Everything happens in a village set up where a certain lady participant comes to know that it is an area where she had lived during her childhood. As such, she gets a liking to recollect her moods of the past, in order to feel the pulse of the past living conditions with her parents. But she is grossly disillusioned and the area has changed over the years.

The charming narrative titled Yan Mahattayage Tegi Pettiya or the gift box of Mr Young written by Navnita Devi is set in a remote village set upon a certain Bengali district. A foreigner named Mr Young gets acquainted with the people in the village. He owns a good house, a dog and a car. Then he objects as time goes on became worthy items of treasure for those to live in the surroundings. The time comes when Mr Young the foreigner has to leave the village and go back to his native land. He leaves behind the house he lived behind and the car he owned.

Those who get them as gifts from Mr Young come to feel that the car, though in good condition is trouble giving item. But the merrymakers make use of the car for their discredit.

What happens, in the end, is that the gift of the car as given by Mr Young paves the way to a memorable tragicomic event. The narrative rests on a make-believe legend-like narrative, a reader may come across in a folktale. The narrative for me is quite reminiscent of a modern folk tale.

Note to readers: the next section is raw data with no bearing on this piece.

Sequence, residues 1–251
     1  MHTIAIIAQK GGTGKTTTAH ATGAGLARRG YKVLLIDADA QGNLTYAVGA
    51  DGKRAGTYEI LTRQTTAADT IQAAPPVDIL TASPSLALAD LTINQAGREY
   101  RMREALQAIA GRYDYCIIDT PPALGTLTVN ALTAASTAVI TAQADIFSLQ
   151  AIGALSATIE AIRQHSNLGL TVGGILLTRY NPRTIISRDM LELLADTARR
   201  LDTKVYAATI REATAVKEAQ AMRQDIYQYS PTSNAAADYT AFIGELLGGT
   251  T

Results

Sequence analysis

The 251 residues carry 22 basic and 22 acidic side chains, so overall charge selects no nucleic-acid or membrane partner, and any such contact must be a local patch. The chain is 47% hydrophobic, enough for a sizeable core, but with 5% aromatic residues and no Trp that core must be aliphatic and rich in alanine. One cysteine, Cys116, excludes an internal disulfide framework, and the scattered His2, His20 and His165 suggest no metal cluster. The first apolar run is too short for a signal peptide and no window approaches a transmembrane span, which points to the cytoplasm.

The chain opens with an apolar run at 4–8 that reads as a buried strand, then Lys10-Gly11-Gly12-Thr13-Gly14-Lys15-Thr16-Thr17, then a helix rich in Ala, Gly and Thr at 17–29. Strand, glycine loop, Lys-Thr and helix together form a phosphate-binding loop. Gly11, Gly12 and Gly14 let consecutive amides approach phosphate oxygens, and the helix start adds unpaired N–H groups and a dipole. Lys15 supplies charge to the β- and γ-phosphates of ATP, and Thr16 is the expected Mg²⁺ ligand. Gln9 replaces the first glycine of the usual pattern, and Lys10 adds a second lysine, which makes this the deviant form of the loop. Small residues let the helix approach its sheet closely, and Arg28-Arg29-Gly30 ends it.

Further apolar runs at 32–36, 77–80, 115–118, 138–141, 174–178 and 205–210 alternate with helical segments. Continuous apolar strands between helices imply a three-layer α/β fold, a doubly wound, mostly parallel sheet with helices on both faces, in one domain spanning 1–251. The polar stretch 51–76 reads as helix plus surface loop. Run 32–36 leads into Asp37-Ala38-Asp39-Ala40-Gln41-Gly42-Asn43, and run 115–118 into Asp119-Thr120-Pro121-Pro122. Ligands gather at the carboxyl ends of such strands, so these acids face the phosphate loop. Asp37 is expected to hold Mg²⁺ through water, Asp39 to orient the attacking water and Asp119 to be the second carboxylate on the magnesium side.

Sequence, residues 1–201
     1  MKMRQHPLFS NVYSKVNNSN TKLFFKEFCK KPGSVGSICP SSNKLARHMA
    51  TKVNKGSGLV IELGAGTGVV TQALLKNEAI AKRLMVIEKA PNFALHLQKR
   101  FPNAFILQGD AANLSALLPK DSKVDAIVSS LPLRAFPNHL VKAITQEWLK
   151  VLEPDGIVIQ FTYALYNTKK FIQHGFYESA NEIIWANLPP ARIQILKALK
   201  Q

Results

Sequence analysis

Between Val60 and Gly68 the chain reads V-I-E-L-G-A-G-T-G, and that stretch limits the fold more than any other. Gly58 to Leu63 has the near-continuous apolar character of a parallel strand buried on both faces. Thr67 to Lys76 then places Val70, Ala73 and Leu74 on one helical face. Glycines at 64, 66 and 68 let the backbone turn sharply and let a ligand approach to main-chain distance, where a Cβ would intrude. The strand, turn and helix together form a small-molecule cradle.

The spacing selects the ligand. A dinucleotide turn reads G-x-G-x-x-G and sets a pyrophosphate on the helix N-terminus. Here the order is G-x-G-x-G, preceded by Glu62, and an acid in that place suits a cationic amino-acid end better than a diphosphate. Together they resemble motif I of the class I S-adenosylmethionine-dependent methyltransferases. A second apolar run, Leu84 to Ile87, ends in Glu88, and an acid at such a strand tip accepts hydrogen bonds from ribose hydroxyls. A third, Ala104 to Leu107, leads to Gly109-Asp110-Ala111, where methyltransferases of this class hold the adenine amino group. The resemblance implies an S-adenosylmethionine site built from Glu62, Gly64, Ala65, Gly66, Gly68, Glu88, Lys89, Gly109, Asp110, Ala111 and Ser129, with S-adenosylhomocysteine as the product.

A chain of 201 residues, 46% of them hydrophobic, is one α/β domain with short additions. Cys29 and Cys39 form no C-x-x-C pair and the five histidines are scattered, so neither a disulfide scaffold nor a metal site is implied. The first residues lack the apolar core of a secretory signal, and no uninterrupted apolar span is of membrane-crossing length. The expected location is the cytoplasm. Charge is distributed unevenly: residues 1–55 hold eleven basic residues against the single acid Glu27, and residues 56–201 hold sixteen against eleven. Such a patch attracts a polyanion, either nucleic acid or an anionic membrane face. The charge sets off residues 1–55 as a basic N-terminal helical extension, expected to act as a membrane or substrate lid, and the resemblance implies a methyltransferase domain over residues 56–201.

The narrative that embraces a lasting human impact is observable in the story titled Veedi Natattuva by Anjan Bhandopatdhya. The central experience is not quite commonplace as it comes from an urban circus performance where the character of the court jester or the joker is played by a short man or a dwarf who comes from the village sector. Though he makes the onlookers laugh at his performance; his own life is visualized as being torn between sorrow on one side and happiness on the other side

Fascinating narrative

He was compelled to live with tall people. Then by sheer luck, he happened to encounter a tall woman who is shown as a make-up artiste and a helping hand. The meeting point of the dwarf and the tall woman give way to visualize their inner selves and humans and not the least as performers and helping hands.

This fascinating narrative paves the way for several humane layers that could be gauged as enchanting episodes that tend to change one’s common way of thinking on human situations. Quite a number of narratives as selected in this compilations centre around the much anticipated spiritual essence of human experience. The translator I felt could have enriched the volume by short biographical sketches of the original Bengali writers.

At a time when most of us are homebound and allowed to take online measure to communicate with others, this compilation could be regarded as a welcome variant in the communication process. This translation comes as a gift to those of us who need to anticipate in human global matters that reach the culmination in creativity. In modern narratology, the genre known as the short story had undergone several phases. This compilation translated by Kumari Welihinda depicts these changes in the oriental context with special reference to Bengal.